- Head coaches of say 20 non-revenue sports get paid at least $100-$200 thousand per year coming from revenue generated by football and men’s basketball revenue
- The same is true of the assistant coaches, academic coordinators, athletic trainers, etc. but their salaries would be lower.
- The University of Louisville’s head baseball coach/manager makes over $1 million per year and their pitching coach makes around $700 thousand per year. This means the entire compensation for the Louisville men’s basketball players is less than the pay for two members of the baseball staff who coach a sport that loses money. That money is being redistributed in a manner deeply removed from the free market.
- Jerseys, t-shirts, bumper stickers, posters, etc. for the basketball team generate enough revenue to support arena kiosks, arena gift shops, and stand-alone stores dedicated to selling spirit wear for the school.
- Local sports radio hosts and staffs have their jobs in large part because local teams are interesting enough to draw listeners and advertisers.
- Similarly, scholarships, tutoring, trainers, buses, hotels, etc. for non-revenue sports are paid for by revenue generated from football and men’s basketball.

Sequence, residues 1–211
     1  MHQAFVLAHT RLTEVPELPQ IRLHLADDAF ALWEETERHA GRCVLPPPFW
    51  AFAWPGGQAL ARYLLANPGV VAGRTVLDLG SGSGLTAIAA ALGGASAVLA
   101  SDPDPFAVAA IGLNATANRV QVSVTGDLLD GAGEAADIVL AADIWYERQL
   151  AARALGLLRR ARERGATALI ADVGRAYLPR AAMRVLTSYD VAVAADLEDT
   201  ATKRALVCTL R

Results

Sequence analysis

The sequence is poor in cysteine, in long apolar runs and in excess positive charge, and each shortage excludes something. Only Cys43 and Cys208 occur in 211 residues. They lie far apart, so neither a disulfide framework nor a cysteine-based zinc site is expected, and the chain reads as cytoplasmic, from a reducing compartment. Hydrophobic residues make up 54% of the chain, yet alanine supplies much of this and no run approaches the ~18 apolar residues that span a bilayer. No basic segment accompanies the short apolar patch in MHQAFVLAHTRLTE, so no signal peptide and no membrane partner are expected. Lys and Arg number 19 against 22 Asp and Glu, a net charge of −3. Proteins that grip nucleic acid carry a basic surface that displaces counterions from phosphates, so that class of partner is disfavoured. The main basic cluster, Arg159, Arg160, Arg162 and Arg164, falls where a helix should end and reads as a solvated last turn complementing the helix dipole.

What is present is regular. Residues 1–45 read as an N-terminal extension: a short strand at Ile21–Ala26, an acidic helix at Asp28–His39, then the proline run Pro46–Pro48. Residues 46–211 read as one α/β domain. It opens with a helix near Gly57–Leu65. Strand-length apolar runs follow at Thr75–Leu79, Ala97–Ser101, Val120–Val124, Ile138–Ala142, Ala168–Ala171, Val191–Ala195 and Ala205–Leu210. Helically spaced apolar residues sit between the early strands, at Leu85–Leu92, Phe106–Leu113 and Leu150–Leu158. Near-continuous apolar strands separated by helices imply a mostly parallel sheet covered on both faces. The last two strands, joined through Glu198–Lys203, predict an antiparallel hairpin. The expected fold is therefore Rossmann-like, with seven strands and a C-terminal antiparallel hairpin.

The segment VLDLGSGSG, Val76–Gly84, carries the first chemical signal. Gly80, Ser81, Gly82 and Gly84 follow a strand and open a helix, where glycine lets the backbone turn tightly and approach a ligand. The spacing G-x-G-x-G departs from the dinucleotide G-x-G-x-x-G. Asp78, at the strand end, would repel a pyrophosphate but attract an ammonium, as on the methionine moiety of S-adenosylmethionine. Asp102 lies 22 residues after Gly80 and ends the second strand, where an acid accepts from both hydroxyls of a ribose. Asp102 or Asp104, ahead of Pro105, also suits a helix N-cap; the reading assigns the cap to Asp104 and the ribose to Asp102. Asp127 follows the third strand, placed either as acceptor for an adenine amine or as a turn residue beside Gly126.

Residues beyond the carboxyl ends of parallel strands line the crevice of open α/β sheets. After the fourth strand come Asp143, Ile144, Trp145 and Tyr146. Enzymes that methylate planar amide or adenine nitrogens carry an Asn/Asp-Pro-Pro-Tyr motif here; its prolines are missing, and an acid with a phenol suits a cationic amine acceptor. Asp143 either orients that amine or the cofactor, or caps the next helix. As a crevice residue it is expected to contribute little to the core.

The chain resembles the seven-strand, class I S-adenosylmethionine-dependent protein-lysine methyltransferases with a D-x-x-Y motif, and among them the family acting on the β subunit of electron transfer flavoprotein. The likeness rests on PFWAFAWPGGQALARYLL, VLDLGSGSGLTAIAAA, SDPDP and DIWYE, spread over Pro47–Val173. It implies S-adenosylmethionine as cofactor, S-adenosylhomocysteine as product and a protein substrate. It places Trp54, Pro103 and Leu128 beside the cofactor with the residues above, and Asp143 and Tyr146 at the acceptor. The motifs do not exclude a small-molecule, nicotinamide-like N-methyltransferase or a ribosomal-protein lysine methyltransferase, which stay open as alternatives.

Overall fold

- A golf team might not fly nearly as often as a men’s basketball team and may also divide 3 full-scholarships worth of money up between the team. Still, $300 thousand for golf scholarships has to come from somewhere.
I am 100% in favor of academic trainers, coordinators, tutors, and merchants who sell spirit wear being able to pay their bills. I just think the players generating ticket sales, advertising revenue, and the popularity of a team that can sell t-shirts etc. should also be able to make a fair market value.
Clearly, the revenue they are generating is being redirected toward people with no direct connection to generating that revenue. A trainer taping ankles for a men’s basketball team being paid makes sense. A trainer taping ankles for a NCAA tennis team is getting his or her bread buttered by the practice, training, play, and injuries risked by players from a sport other than tennis.
Coaches, players, trainers, tutors, etc. for non-revenue sports are making a living off of people like Nerlens Noel and Kevin Ware. Noel was able to recover enough to be a lottery NBA pick and make money playing basketball in the NBA. Kevin Ware was never a NBA prospect, but he could play in professional leagues other than the NBA. Also, U of L and Addidas sold t-shirts referencing his injury at the conclusion of the 2013 NCAA tournament which U of L won.* Even as a non-NBA prospect, Kevin Ware was part of games that sold many tickets including the tickets sold to the game in which he was injured at Lucas Oil Stadium which has a seating capacity of 70,000* and was part of games that generated millions of viewers and tens of millions in advertising revenue.